“If you could feel death, I’d say it’s living with this, but having to feel it every second of every day.”


Hannah Grundy, 36, from Nottingham, was diagnosed with M.E. in her late 20s, just months after starting a new job with data giant Experian in 2011. She is now essentially housebound. She said: “M.E. makes you realise what is important in life.”

“I often feel like a 100-year-old trapped inside a young person's body.”

“It's a constant struggle and you never know when you'll get worse again.”

“Just as you come to terms with things you get a little glimmer of hope in the form of a slight improvement but then things go back to how they were before or worse, and you have to start all over again.”

“I often feel like a 100-year-old trapped inside a young person's body. My 93-year-old my granddad is more able than me much of the time – and that's after pneumonia, lymphoma and a broken femur in the last year alone.”

Several quality of life research studies have shown that the level of disability in M.E. can be just as great than many other serious medical conditions, including cancer and multiple sclerosis.

While some people with M.E. do improve over the course of time, it is only a small minority that return to full normal health.

And the disease is indiscriminate, affecting both sexes, all ages and all races.


Nicola Ingram, 41, is a former TV sports producer for the BBC and Sky from Birmingham. She is a single parent to her 14-year-old daughter.

She said: “When you see people out who have M.E. out or even out, out it means they’re having a really good day.”

“Most days you don’t see them as they’re in bed or on the sofa in pyjamas with hot water bottles and blankets sporting tremendous bed hair because they haven’t got the energy to comb it.”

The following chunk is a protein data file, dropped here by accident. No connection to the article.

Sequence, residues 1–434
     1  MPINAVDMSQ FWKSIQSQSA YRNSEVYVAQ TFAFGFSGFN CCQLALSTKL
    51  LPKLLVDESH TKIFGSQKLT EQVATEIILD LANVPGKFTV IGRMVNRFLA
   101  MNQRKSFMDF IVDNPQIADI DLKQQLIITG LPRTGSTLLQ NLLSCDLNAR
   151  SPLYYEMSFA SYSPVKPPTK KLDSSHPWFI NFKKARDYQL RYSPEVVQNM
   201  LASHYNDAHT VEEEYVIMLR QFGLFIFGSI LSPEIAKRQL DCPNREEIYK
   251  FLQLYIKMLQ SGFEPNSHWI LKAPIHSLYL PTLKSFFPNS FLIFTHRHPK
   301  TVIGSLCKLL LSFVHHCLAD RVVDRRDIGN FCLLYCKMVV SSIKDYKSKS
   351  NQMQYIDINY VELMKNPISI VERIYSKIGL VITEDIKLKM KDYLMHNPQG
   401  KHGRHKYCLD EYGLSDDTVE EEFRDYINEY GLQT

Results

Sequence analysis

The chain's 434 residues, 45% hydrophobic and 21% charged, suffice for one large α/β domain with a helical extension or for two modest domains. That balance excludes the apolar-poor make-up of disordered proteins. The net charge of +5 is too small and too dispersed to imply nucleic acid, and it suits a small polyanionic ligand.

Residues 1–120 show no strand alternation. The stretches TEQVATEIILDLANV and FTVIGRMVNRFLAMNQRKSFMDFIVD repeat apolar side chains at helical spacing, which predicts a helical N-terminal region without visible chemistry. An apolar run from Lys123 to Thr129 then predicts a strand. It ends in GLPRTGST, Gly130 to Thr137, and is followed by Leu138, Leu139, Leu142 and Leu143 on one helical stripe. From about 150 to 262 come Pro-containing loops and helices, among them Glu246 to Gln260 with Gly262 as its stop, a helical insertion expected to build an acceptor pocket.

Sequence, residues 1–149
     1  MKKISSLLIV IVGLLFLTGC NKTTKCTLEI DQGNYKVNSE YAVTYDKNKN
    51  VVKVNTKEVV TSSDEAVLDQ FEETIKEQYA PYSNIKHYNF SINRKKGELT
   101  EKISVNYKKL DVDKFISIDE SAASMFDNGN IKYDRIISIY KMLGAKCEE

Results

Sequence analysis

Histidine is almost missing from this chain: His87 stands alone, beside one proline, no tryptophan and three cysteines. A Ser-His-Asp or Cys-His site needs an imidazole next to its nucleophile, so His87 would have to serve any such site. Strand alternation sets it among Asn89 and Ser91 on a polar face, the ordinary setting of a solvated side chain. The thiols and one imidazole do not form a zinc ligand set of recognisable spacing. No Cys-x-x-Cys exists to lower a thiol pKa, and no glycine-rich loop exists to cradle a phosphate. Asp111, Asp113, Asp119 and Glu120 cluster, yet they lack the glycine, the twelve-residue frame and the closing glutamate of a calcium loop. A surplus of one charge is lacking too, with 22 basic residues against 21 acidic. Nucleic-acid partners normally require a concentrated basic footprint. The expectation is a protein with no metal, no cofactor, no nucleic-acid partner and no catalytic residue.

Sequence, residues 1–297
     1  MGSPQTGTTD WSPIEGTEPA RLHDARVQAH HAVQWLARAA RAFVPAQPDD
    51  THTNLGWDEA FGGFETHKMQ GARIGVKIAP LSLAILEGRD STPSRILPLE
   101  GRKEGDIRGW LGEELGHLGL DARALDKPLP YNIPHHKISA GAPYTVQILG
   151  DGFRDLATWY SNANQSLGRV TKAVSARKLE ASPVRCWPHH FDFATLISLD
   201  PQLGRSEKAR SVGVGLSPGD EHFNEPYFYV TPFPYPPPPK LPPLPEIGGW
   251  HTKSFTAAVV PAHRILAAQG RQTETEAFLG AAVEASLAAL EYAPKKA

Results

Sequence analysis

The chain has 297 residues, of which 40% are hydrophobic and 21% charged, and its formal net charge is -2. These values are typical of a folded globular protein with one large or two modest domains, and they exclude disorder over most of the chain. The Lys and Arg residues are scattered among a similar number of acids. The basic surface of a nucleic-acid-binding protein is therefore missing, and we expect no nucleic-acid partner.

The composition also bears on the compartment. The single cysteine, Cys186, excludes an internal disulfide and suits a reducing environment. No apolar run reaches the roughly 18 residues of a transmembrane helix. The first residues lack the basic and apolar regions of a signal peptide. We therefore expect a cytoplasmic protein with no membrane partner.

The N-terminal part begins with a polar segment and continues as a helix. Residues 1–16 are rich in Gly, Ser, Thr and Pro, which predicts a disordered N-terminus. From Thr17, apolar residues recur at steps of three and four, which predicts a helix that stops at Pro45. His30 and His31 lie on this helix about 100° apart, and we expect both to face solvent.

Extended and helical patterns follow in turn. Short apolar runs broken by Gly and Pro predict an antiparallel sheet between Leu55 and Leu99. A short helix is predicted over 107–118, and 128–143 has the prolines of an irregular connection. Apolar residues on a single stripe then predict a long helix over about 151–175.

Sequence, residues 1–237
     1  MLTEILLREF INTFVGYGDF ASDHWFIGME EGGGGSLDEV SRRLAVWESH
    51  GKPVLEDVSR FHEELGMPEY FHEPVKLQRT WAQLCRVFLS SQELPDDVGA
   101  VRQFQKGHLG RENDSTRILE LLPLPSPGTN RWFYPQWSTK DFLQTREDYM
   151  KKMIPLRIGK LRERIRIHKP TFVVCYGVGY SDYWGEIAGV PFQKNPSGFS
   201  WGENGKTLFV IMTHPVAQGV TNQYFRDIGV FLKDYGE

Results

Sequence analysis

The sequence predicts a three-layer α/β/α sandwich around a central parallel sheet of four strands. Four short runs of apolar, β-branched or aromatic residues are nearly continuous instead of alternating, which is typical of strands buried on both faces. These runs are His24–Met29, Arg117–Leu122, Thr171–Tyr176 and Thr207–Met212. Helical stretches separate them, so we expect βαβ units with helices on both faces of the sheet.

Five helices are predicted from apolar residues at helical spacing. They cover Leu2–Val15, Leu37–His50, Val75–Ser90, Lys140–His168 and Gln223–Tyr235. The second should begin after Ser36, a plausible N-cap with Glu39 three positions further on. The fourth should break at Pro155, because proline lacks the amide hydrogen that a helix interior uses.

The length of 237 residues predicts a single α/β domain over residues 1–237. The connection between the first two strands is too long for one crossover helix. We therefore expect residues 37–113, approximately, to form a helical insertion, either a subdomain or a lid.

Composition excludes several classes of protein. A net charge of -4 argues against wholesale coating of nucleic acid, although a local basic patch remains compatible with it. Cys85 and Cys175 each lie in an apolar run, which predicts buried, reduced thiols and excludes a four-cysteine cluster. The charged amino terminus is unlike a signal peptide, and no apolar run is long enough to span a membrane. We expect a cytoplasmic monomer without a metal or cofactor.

“That’s M.E., that’s me and my army most days. Invisible to most. The millions missing from society.”

Less than £1 is spent each year on people suffering from ME and there is a chronic lack of funding for medical research. Many doctors still don’t know how to diagnose or manage the condition.

A parliamentary debate last year was told how people with M.E. are more than six times likely to commit suicide.


Hayley Date, 45, from Bridgwater, Somerset is also effectively housebound with M.E.

“I feel like I am a prisoner trapped within a body that just doesn’t work anymore. It is living hell every day. My mind wants to do things, my body just won’t let it.”

Hayley, mum to Harvey, 15, who also has M.E., and Ella, 10, was struck down on New Year’s Day in 2015 while sales shopping but was only diagnosed months later.

She said: “It is a constant battle every minute of every hour of every day not knowing whether you will be able to do something.”

“I have become lonely, isolated and not able to do so many things that I used to. Plans can never really be made because I haven't got a clue whether I will be well enough.”

“I now live my life mainly housebound. The same four walls day in, day out, drain any positivity you can try and muster.”

“But I don't want or need your pity, I just want your understanding.”

It is incredible to comprehend that some doctors still refuse to accept M.E. as a real medical condition, despite published research to the contrary and the countless stories of intense physical debility.


Gemma Corvalan, 31, a talented artist from Cambridge, was diagnosed with M.E. after a car crash in 2011.

She said: “A lot still needs to be done, mainly amongst GP’s who still doubt the veracity of our symptoms and generally doubt patients and dismiss our struggles.”

“I have had doctors tell me to drink more coffee, in a very dismissive way when I asked if there was anything I could do about my fatigue.”

“These are the people we entrust our lives to and look to for guidance in trying times. The only way to combat this type of problem is by highlighting the realities and the struggles people with M.E. go through.”

“If a doctor cannot accept our illness, there is no hope anyone else, including sufferers themselves, will.”

The ME Association is at the forefront of improving access to care, treatment and research and removing the disease's stigma.

The ME Association

Please Support Our Vital Work.

We are a national charity working hard to make the UK a better place for people whose lives have been devastated by an often-misunderstood neurological disease.

If you would like to support our efforts – particularly during ME Awareness Week – and help ensure we can continue to inform, support, advocate and invest in biomedical research, then please donate today.